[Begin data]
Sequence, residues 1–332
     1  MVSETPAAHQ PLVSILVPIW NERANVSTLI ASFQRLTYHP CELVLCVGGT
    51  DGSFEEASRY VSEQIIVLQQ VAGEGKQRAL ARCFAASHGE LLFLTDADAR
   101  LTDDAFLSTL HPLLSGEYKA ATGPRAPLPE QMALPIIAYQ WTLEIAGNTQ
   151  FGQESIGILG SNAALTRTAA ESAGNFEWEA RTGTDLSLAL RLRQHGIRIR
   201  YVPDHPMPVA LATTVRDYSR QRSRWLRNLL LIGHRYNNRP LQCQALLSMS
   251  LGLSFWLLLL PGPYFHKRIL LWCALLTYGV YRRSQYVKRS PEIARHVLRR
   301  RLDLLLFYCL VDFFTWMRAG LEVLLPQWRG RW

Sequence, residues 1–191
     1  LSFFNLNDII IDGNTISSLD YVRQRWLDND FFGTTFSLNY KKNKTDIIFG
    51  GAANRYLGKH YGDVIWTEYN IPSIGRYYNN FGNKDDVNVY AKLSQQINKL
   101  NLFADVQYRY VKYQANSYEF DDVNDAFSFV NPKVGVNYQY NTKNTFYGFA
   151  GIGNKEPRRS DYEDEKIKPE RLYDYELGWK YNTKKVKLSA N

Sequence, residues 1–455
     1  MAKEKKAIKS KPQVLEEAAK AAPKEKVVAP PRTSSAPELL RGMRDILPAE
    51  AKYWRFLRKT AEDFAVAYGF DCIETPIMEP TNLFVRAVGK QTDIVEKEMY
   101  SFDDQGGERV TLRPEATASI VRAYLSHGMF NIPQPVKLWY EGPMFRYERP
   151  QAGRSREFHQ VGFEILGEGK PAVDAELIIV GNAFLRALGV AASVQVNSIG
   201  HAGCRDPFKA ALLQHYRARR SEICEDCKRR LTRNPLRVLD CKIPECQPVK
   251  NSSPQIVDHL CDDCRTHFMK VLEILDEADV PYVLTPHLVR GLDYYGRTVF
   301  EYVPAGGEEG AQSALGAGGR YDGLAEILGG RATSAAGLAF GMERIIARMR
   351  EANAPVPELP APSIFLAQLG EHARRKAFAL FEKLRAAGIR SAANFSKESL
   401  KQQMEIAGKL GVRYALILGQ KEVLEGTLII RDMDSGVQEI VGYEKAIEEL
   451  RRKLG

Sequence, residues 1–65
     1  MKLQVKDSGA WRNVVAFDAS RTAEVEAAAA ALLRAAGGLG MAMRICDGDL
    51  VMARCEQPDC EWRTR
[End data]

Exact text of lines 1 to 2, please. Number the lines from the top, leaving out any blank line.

Sequence, residues 1–332
     1  MVSETPAAHQ PLVSILVPIW NERANVSTLI ASFQRLTYHP CELVLCVGGT